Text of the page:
Fiddling while Rome burns.... [Insert cliché of your choice here.]
The point of calling on Congress to come up with the type of "Chapter 10" bankruptcy that its members know to be needed, or for Summers and Geithner to come up with a plan to wind down "too big or too entangled to fail" financial institutions, is not simply to goad them into taking action for the benefit of future generations. It's because things aren't exactly coming up roses right now, and those solutions could be useful, right now.
A group representing General Motors Corp. (GM) bondholders doubts whether the auto maker's survival plan will be enough to keep the company out of bankruptcy given the sharp decline in U.S. vehicle sales.I'm not sure whether their concern is truly about GM's ability to survive; I suspect it's mostly about getting better security for their stake. But one way or another, if a "Chapter 10" existed, we wouldn't be having this discussion - either the parties would agree, or the company would enter into the new bankruptcy proceeding. There could be brinksmanship, but it would be qualitatively different - it would be between whether the negotiated outcome was likely to be better for everybody than a bankruptcy proceeding, not about which interest group gets the greatest benefit of an ad hoc taxpayer bailout.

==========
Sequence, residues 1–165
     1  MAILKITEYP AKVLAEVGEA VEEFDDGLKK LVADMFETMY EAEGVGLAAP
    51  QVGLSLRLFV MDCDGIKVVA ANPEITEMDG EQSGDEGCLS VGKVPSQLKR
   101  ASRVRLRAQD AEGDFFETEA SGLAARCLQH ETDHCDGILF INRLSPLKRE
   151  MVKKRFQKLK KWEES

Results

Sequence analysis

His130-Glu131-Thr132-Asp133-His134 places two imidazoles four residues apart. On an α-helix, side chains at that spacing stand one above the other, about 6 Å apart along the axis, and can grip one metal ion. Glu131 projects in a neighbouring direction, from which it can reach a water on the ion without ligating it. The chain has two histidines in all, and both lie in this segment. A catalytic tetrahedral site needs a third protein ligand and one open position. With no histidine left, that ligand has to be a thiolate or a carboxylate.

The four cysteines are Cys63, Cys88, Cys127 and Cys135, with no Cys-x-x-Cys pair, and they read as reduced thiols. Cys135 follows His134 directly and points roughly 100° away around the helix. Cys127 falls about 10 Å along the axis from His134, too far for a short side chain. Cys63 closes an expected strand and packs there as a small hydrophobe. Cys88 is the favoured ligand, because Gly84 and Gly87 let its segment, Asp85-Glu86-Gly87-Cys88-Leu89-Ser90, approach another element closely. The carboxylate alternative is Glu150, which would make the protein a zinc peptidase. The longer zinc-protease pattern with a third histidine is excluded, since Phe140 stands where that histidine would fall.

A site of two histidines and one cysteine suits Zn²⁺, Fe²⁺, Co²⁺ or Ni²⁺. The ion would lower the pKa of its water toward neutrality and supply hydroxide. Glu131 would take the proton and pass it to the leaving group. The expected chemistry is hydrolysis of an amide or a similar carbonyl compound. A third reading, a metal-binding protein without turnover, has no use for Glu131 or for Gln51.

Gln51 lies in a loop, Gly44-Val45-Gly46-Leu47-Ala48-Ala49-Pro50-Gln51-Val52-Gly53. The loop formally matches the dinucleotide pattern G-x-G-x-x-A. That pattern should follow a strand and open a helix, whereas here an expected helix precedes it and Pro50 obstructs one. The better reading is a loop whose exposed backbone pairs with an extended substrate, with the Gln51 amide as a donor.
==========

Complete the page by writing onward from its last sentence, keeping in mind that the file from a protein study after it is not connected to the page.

In a letter sent Sunday to U.S. Treasury Secretary Timothy Geithner and advisors to President Barack Obama's auto task force, advisors to the group say demands that bondholders swap two-thirds of their debt for equity in a restructured GM pose too much risk given the company's precarious state.